Mango Pie

This gentle custard filling would have been even better made with fresh mango fruit, but since those aren’t a staple around here, I resorted to the puréed variety from our Asian grocery. The color isn’t as vibrant as the real deal, but most of the mango taste is still there! We both loved the texture of the filling – it just holds together and is very smooth and light. Golden sultana raisins are a new favorite of mine, they give such a wonderful and tangy sweetness to fruit desserts.

The crust came out chewy like an oat cookie, and the vanilla ice cream we served this pie with complimented its tart fruit flavors quite perfectly. The filling would probably go nicely with the no-bake crust I used for the strawberry lime pie as well.

Oat Crust:

  • 2 dl rolled oats
  • 2 dl wheat flour
  • 1 dl muscovado sugar
  • 1/2 teaspoon salt
  • 4 tablespoons canola oil
  • 3 tablespoons rum
  • 2 tablespoons oat milk

I combined the oats, wheat flour, sugar, and salt in a mixing bowl, and then added the liquid ingredients one tablespoon at a time until the dough came together and was a little sticky. Then I covered the bottom of our spring form pan with a piece of baking parcment, greased the sides with a little margarine, and pressed the crust in the pan. I baked the crust in 175 degrees Celsius for about 14 minutes, until just lightly browned, and let it cool down while I prepared the filling.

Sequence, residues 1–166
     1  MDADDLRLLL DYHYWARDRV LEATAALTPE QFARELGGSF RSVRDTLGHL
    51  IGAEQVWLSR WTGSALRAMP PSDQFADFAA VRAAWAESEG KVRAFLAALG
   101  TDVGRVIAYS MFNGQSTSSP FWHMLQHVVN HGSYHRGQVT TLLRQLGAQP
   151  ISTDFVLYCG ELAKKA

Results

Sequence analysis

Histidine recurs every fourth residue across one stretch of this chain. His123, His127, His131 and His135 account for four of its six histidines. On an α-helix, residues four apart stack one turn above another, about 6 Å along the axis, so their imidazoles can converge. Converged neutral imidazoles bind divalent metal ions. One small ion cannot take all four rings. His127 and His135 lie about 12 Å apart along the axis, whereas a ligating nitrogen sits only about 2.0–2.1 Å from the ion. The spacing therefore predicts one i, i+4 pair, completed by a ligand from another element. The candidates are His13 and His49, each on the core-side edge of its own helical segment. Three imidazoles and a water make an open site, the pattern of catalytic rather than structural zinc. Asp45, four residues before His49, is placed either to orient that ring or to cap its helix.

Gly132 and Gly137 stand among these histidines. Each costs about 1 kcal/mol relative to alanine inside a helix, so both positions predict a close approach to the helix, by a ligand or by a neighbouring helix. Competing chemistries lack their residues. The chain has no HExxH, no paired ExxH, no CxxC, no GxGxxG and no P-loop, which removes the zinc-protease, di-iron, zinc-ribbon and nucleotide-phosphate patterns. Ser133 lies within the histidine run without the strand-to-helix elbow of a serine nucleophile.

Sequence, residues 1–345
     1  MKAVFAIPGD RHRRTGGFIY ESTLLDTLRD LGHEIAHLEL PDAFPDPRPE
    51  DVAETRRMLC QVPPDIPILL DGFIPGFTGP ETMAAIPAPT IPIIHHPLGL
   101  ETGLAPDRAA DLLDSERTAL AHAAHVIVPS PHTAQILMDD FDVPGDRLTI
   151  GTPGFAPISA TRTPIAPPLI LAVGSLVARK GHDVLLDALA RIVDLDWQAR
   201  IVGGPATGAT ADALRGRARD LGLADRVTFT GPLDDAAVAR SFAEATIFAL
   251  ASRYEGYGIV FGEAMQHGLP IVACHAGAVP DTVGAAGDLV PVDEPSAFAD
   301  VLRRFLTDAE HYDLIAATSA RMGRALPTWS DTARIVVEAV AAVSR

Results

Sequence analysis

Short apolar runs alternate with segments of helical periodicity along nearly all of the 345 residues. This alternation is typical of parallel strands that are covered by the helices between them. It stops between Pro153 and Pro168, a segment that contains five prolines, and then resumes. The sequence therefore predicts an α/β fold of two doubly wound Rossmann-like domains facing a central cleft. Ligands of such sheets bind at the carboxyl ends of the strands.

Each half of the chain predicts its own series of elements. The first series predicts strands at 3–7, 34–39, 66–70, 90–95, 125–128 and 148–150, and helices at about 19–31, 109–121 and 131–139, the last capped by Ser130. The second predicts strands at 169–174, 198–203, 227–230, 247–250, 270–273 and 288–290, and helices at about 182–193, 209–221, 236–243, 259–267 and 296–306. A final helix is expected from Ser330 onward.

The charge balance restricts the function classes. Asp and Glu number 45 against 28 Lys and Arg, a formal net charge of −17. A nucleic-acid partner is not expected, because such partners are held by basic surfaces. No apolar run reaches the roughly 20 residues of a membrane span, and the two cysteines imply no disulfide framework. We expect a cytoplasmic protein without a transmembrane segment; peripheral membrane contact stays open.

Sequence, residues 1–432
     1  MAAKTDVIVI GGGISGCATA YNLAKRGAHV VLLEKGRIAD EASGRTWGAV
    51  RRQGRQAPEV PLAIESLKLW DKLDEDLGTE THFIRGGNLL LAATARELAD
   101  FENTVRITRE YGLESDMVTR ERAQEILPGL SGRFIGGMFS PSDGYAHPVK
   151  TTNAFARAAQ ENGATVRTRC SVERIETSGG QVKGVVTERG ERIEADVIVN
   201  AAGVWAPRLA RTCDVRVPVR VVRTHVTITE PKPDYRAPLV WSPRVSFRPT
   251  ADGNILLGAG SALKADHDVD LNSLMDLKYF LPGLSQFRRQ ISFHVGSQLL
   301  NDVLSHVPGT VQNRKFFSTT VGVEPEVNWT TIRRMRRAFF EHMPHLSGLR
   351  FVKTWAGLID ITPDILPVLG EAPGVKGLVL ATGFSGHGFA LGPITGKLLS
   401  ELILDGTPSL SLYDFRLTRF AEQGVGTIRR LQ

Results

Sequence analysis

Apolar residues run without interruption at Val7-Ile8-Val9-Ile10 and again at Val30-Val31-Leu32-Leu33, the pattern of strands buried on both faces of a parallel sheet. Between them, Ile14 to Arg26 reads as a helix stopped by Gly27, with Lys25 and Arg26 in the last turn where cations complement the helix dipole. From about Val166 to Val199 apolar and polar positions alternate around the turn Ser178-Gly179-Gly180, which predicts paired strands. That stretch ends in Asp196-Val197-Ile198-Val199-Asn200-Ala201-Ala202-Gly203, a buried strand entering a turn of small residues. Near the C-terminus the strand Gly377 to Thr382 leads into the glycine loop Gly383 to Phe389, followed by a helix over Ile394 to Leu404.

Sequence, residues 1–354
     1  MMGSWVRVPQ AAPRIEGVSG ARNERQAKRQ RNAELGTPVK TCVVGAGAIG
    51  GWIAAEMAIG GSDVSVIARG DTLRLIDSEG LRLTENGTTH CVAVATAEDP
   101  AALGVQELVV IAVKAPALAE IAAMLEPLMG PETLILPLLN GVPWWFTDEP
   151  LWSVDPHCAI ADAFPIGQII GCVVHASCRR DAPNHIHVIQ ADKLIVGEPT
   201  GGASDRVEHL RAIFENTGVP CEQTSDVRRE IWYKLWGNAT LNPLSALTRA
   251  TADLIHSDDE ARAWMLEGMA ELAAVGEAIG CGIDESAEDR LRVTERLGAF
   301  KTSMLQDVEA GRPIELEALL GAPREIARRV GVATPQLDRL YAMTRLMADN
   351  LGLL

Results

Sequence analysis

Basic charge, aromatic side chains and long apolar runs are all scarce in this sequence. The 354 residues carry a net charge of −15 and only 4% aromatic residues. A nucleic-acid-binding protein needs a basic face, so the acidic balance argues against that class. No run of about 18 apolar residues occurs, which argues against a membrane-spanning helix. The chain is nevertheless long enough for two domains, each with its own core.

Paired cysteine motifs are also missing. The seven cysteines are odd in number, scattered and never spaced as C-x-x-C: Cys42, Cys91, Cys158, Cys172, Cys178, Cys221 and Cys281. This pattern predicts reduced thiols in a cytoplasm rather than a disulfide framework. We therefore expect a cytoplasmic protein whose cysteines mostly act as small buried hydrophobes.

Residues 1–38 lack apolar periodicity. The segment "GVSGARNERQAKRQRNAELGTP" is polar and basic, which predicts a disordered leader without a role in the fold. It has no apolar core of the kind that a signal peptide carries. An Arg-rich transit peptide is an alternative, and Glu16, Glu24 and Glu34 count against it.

The Filling:

  • 4 dl mango puree (unsweetened, or pureed fresh mangoes)
  • 1 dl sultanas
  • juice and zest of one lime
  • 1 and 1/2 dl plain soy yogurt
  • 3 tablespoons sugar
  • 1 dl water
  • 2 teaspoons agar agar powder

FIrst, I placed the mango puree, sultanas, lime zest, and soy yogurt in a mixing bowl, and let the mixture come to room temperature for about fifteen minutes. This made the sultanas soften up a little bit as well. Then I blended the filling with an immersion blender until the sultanas were all mashed up. Now I seasoned the filling with lime juice and sugar, alternating between a squeeze of juice and a tablespoon of sugar, until the balance was just right – not too tart and just sweet enough.

I heated the water in a small cooking pan, and when it was almost boiling, sprinkled the agar agar powder in the pan, whisking all the time. The mixture thickened almost immediately, but I kept on whisking for a few seconds to make sure all of the agar had dissolved, and then removed the pan from heat.

I scraped the agar mixture out of the pan and poured it in the mango bowl, whisking whisking whisking away as vigorously as I could to avoid lumps. Now, I poured the filling in the crust, covered the pie with plastic wrap, and immediately placed it in the fridge to chill for 5 hours – overnight would be even better. It is important that the pie isn’t moved once the filling starts to thicken, or it won’t set properly.

Once the pie was set, we enjoyed our slices with a generous scoop of vanilla soy ice cream.

The crust is speckled from the coarse muscovado sugar we use.

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